The Bartow Municipal Airport is the former location of a U.S. Air Force Base and is also referred to as the Bartow Air Base. It is located just off of US 17 near Spirit Lake Road.

The cash happened near the PCSO Aviation Unit Hangar, which is on Ben Durrance Road. The Polk County Mosquito Control Office is also nearby.

WFLA Storm Team Meteorologist Ed Bloodsworth said around the time of the crash, weather data at the airport was reporting zero visibility because of the fog. The weather data is from the Automated Surface Observing System (ASOS) which is located at the airport.  The Tampa Bay area was under a dense fog advisory until 9 a.m.



Story and video ➤ http://wfla.com







BARTOW, Fla. -- Investigators likely will consider dense fog as a contributing factor for a plane crash at Polk County's Bartow Municipal Airport that killed four people.

The twin-engine plane went down just after takeoff around 7:15 a.m. Sunday, Dec. 24, Sheriff Grady Judd said, with emergency operators receiving a call minutes later.

Around the time of the crash, a National Weather Service observation reported visibility at the Bartow airport to be less than a quarter-mile because of fog.

"There was no chance of survival," Judd said. "When you look at the crash, the only thing that you say is, nobody suffered."

An emotional Judd said he was able to review video footage of the crash. He told reporters he personally knew of at least one person onboard.

"Our heart breaks. You know, certainly we wish we could rewind this and if we could, I would wrestle him to the floor to keep him from getting into this airplane this morning," Judd said.

The Polk County fire dispatch earlier confirmed four people were killed, but Judd would not validate that figure.

The plane crashed just north of the airport toward the end of a runway near Ben Durrance Road.

























Polk County Sheriff's Office · This Christmas Eve morning, we were prepared to upload photos of our agency members buying & wrapping donated gifts & toys to deliver to kids all over the county, which took place all week. Instead, we regret to inform you that we are on the scene of a twin-engine plane crash at the Bartow Airbase, with several deaths. We will conduct the death investigations. The National Transportation Safety Board and Federal Aviation Administration, who are enroute, will investigate the cause of the crash. Polk County Fire Rescue is also on the scene.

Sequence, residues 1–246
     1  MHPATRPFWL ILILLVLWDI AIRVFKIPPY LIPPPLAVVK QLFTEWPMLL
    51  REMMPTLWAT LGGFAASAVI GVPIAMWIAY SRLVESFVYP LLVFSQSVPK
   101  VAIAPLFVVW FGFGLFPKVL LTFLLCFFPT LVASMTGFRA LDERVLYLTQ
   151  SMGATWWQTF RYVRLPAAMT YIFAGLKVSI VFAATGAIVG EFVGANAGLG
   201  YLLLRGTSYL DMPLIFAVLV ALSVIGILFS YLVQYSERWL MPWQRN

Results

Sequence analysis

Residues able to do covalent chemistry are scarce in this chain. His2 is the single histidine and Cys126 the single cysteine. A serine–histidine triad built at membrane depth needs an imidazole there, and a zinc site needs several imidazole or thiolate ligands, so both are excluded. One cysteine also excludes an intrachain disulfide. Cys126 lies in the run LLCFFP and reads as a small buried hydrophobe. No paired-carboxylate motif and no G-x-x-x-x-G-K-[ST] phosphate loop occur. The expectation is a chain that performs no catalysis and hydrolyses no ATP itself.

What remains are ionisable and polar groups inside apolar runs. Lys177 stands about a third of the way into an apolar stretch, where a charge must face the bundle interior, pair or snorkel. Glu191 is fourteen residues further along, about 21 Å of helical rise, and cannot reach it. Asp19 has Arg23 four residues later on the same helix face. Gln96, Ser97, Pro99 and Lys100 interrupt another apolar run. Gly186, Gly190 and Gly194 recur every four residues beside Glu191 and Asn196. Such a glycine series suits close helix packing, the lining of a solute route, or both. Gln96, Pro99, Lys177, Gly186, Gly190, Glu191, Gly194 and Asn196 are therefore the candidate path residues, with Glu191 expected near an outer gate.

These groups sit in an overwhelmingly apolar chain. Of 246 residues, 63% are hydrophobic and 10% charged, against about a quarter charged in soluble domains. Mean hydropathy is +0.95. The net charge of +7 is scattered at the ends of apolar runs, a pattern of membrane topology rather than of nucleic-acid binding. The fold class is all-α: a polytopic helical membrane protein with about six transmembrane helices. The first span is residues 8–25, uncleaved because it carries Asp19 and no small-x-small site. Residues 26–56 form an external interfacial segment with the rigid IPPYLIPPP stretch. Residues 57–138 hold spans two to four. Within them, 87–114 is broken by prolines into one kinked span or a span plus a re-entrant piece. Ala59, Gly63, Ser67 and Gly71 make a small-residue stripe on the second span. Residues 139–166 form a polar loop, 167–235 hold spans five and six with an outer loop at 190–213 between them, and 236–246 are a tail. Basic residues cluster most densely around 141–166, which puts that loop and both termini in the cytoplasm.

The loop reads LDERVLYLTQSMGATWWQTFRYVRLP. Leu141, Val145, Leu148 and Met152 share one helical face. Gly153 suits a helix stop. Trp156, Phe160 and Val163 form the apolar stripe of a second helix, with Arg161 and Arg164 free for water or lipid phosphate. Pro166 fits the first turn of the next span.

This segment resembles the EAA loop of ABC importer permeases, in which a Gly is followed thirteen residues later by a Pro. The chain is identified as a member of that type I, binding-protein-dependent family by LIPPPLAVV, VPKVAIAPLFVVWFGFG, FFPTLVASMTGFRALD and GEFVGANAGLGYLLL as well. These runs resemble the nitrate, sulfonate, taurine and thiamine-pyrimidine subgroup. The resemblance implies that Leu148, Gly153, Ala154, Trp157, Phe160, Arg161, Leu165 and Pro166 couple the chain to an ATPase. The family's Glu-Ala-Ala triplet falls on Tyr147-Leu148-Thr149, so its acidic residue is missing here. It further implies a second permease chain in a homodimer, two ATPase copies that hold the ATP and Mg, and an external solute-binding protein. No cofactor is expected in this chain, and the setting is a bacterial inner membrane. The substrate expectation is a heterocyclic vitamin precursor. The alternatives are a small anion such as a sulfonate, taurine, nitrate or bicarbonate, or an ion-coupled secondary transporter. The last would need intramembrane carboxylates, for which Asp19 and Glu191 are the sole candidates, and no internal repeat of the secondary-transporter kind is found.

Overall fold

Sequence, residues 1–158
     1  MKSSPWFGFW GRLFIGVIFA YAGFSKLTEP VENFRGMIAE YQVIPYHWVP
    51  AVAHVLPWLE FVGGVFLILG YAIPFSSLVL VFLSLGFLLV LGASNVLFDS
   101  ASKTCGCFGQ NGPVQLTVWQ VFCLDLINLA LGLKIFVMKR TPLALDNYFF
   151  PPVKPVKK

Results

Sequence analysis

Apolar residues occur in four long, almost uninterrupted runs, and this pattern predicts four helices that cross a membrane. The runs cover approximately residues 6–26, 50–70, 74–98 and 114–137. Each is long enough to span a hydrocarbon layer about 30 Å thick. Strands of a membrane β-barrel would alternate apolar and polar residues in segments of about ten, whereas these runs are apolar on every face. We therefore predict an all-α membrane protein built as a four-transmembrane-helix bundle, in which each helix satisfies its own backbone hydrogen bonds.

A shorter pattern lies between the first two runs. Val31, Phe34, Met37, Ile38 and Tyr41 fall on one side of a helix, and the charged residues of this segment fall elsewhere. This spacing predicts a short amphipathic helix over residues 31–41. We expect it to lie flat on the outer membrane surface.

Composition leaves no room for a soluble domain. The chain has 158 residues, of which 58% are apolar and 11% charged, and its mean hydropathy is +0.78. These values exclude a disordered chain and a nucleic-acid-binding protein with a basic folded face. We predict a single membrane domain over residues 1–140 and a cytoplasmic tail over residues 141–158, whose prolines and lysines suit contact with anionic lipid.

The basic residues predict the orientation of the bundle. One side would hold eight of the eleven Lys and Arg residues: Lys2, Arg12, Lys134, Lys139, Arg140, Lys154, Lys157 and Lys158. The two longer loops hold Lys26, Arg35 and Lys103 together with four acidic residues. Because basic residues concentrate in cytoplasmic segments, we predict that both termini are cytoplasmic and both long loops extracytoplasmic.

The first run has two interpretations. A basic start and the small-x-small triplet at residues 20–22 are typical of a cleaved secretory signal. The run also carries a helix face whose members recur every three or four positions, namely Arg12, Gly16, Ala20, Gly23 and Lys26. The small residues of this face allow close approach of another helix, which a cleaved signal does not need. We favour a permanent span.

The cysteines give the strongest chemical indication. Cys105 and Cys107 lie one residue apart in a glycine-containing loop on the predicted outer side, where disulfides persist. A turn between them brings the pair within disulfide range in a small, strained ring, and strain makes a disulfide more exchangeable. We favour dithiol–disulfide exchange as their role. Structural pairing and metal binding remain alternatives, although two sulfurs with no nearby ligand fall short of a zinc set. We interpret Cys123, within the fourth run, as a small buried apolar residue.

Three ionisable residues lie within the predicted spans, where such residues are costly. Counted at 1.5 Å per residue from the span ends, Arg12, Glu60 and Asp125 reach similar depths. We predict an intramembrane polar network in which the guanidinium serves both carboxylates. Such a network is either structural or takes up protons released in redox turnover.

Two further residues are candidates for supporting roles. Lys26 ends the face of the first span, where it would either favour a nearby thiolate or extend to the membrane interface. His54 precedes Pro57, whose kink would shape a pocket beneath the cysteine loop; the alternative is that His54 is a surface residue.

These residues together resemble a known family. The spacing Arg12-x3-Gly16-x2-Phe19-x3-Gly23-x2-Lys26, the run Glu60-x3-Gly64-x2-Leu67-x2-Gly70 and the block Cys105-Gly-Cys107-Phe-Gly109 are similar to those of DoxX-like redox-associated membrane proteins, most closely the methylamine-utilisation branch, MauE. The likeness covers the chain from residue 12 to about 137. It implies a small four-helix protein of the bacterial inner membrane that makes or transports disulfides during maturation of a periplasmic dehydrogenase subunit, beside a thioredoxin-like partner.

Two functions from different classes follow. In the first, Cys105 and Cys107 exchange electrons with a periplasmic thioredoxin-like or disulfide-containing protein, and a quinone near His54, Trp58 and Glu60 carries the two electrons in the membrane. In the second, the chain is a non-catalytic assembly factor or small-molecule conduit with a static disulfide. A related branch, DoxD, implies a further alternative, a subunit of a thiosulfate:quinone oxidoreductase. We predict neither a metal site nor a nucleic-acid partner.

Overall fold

We don't have a lot of information to release at this time, but please join us in praying for these victims and their families.


Be safe, everyone.

54 comments:

eglide73 said...

It’s just insane. Who would fly when it’s 0/0 vis?
Anyone wanna take bets that the pilot wasn’t instrument rated?

Jim B said...



Looks like if they had only waited a bit the wx would have been fine.

Families are grieving now.

Lets learn not to repeat the same mistake.

Anonymous said...

I'm a fairly new pilot (2+ years) and working on my instrument rating. My late father who was also a pilot told me years ago, there are old pilots & there are bold pilots but there are NO old,bold pilots. Only if they just would have waited a few hours until the fog burned off. Haste makes waste, SO SAD. R.I.P.

Anonymous said...

0 0 takeoffs are done, but better left to the highly trained, very high risk at the least even for the pro, no room for error

Anonymous said...

Tragic beyond belief. Aircraft was about 37 years old, airworthy but an old piece of tin. When was last time pilot practiced ITO under hood or in simulator? When was last time pilot practiced engine loss at rotation under hood? When was last BFR that covered pilot judgment and decision making? There's a reason part 121 and 135 operators have takeoff minima...it's dangerous. The FAA should email part 91 pilots and strongly discourage ITOs. At the end of the day, the pilot killed himself and his family and we send our condolences. RIP